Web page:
John Ibbitson flaunts knowledge of NAFTA, human condition

John Ibbitson flaunts knowledge of NAFTA, human condition

In this the most compelling political season in recent American history, the powers that be at The Globe and Mail have as their man in Washington (and further afield) the hard-working and, for the most part, balanced John Ibbitson. He is the quintessential “Globe man”: fiscally conservative and progressive on social issues. Another quality he shares with the Globe is rampaging self-importance. Wednesday, Ibbitson chastised The New York Times’ lead political columnist, David Brooks, for failing to grasp the central importance of Barack Obama’s campaign. Details, such as they are, after the jump.

Commentators and pundits, and more than a few Globe readers, are bewildered by the uncritical enthusiasm with which so many voters greet Mr. Obama’s candidacy… ‘His Hopeness tells rallies that we are the change we have been waiting for,’ wrote David Brooks in The New York Times, ‘but if we are the change we have been waiting for, then why have we been waiting since we’ve been here all along?’

But these critical critics know—and it drives them crazy—that the growing voter enthusiasm for Mr. Obama is based on reasoning that goes beyond facts. People just like the guy. They recognize the strength of the mind behind the oratory, his seriousness of purpose, his level-headedness. These are just impressions, of course, but voters judge, as they should, on impressions.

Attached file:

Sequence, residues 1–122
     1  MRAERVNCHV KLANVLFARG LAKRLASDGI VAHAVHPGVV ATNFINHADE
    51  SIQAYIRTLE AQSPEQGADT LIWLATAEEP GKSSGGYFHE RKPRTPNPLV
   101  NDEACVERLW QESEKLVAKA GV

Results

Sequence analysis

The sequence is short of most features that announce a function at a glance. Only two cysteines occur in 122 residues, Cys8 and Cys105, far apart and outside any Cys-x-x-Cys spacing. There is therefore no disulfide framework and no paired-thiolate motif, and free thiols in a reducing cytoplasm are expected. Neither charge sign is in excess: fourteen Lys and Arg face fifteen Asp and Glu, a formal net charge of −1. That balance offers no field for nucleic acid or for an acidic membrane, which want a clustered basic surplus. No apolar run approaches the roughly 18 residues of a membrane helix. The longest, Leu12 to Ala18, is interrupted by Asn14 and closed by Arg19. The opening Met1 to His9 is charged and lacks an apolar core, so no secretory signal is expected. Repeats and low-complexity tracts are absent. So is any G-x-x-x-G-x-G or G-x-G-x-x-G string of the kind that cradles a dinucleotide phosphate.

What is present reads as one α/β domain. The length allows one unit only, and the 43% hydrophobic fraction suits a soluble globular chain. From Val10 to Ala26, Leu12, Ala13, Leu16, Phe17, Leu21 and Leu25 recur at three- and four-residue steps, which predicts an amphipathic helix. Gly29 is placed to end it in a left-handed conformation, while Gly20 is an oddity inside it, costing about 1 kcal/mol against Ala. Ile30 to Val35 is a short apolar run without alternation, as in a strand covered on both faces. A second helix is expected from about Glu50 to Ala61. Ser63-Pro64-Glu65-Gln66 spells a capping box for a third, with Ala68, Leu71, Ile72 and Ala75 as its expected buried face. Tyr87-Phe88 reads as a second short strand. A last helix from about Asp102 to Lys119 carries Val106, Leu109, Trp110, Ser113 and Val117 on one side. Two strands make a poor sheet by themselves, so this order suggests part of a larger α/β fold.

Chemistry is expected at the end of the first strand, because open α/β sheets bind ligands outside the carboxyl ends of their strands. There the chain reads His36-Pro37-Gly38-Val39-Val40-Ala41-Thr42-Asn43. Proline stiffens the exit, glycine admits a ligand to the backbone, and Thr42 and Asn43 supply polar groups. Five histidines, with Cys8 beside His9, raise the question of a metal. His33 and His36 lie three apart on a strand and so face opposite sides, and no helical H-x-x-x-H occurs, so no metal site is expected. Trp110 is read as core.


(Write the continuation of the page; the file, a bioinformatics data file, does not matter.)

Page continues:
Well it’s one thing for those pundits to be all wrong-headed and confused, but “Globe readers”? Well, we can’t have that, now can we?

I’m sure Times editor Bill Keller called a meeting this very day encouraging Brooks et al. to stop blotting their worksheets and get with the program. After all, “people just like the guy.” And yesterday, with that admonition ringing in our ears, Ibbitson further encouraged “Globe readers” and other Canadians (the same thing, really) to think about renegotiating NAFTA in light of Obama’s populist, protectionist economic concerns.

Twenty years ago…faced with growing protectionism in the United States, Canada proposed a free-trade agreement to protect and enhance the flow of goods across the border.

The challenge today is the same; the answer is the same. Prime Minister Stephen Harper should propose a second round of Canada-U.S. trade negotiations.

The Democrats want new environmental regulations? Then let’s propose a bilateral carbon market based on a cap-and-trade agreement aimed at reducing greenhouse gas emissions.

The Democrats want new rules to protect American workers? Then how about dismantling barriers to labour mobility between Canada and the United States? This would increase productivity, promote the harmonization of wages and working conditions and help people in each country to get to know the other country better.

Sure, let’s unilaterally dismantle NAFTA before the election. I mean, it’s not like the Republicans, were they to somehow eke out a victory, would take our willingness to negotiate for abject surrender. I mean fair’s fair. Even “Globe readers” know that.

• Obama would put a new face on America [Globe and Mail] • Time to revitalize U.S.-Canada relations [Globe and Mail]